I find it fascinating that leadership principles found in Multipliers make a significant appearance in my initial experience with World of Warcraft (WoW). The first leadership concept of a multiplier is that of being a magnet for talent. This talent magnet concept is coupled with practices such as looking for talent everywhere, finding natural genius, engage individuals to the fullest, and removing roadblocks. Granted, WoW makes explicit the natural abilities of a character. But leaders can and do recognize those elements which are unique to a specific character (mage, warrior, priest, etc.) that benefit a team or quest and capitalize on that knowledge. I quickly realized in the two hours I spen with the game that I would not make it too far without the help of others. Taking on a few Kobold Tunnellers all at once would kill me. I find it clever on Blizzard’s part to introduce collaboration so early on in the game.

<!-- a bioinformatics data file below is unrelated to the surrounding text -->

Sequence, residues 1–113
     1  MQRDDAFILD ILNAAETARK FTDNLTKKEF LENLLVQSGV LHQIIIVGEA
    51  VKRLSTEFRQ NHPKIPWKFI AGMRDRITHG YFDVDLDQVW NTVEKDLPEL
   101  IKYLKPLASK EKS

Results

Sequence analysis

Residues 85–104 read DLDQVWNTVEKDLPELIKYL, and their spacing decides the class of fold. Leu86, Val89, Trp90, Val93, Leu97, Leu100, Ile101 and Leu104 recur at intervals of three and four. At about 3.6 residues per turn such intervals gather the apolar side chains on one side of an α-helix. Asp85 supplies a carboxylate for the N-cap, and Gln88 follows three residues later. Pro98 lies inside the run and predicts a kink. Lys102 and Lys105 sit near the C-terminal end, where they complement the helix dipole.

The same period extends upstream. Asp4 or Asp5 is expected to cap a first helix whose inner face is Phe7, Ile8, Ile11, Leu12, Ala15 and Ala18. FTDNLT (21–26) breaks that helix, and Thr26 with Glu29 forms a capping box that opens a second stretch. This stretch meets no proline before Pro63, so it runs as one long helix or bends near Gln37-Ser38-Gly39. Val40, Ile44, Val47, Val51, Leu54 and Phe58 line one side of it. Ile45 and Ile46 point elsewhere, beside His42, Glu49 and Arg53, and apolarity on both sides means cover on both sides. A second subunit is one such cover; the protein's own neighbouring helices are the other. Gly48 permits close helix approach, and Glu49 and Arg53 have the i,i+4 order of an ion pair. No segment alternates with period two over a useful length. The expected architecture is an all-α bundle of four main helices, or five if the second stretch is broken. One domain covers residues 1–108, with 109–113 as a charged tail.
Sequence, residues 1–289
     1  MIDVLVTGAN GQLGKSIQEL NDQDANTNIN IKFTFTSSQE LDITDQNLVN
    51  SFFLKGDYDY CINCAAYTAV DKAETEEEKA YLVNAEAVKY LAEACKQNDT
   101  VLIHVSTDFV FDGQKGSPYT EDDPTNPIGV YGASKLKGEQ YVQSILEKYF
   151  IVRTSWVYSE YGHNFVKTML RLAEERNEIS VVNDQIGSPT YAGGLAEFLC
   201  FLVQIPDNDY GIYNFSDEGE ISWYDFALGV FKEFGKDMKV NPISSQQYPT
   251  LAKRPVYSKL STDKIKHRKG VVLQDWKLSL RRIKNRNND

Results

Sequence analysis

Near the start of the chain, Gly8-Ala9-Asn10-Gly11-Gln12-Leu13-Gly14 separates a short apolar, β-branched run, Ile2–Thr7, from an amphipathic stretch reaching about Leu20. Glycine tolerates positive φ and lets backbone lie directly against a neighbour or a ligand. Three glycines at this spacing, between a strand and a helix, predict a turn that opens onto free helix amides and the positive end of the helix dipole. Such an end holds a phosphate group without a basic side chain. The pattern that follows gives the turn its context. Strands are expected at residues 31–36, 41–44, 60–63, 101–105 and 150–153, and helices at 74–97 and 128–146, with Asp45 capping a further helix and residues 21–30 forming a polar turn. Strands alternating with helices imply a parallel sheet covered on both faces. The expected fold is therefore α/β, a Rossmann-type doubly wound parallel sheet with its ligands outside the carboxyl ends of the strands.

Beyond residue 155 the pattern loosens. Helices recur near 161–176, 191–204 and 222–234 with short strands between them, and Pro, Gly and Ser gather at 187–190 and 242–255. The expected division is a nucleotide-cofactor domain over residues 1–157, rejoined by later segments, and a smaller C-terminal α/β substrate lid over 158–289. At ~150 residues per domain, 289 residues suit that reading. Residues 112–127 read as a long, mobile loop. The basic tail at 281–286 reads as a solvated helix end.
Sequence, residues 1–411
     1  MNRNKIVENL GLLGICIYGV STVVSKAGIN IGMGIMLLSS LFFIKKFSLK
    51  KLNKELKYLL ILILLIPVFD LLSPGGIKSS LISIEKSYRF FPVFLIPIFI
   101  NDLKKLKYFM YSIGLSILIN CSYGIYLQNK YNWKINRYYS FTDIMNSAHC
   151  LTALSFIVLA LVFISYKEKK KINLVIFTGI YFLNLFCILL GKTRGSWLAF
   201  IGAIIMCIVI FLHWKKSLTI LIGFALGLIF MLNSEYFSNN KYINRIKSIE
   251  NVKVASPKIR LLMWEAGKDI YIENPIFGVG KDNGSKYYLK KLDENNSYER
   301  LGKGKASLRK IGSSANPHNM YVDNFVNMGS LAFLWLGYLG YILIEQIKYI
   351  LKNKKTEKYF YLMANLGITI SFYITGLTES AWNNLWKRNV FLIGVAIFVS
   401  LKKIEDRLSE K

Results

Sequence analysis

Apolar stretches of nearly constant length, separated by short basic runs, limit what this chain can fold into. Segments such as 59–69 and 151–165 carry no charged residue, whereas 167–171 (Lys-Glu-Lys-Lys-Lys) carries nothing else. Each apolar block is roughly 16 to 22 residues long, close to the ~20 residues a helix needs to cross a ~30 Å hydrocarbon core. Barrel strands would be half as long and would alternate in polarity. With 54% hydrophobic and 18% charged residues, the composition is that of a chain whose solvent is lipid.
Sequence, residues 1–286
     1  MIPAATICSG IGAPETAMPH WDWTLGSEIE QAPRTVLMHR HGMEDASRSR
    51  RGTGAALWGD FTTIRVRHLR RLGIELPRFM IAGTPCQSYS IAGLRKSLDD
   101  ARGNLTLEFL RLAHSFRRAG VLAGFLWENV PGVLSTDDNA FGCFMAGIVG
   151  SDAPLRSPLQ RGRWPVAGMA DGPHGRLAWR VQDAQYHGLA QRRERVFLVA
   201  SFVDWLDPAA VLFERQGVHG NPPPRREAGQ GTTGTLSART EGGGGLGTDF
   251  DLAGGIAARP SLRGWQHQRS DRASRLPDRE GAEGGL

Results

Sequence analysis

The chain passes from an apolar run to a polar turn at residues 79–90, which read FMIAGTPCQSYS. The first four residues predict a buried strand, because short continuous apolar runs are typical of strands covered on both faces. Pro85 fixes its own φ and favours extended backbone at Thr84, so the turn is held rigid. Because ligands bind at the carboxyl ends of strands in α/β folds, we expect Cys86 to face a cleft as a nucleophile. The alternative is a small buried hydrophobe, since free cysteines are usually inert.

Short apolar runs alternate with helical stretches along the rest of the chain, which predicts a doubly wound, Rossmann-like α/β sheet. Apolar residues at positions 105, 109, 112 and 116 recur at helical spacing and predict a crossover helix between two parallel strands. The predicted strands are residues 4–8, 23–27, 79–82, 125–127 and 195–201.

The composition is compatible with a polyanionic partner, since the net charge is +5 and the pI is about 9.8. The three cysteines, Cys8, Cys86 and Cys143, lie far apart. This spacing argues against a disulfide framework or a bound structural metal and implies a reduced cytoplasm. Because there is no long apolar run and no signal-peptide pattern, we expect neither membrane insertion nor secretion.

I want to be a multiplier by recruiting my fellow cadre members not only to enhance my overall action research project but to hone how they might best benefit and grow from their own experience in the program.
It is excitig to see games mimic real life leadership and complex social situations. Or is it real life that mimics games? There is truly an art to crafting engaging and educational games.
On a side note, I have asked my brother tough questions to get at the heart of why he dedicates so much time to WoW. His most compelling answer always centers around growth, achievement, and leveling up. He enjoys profession and becoming.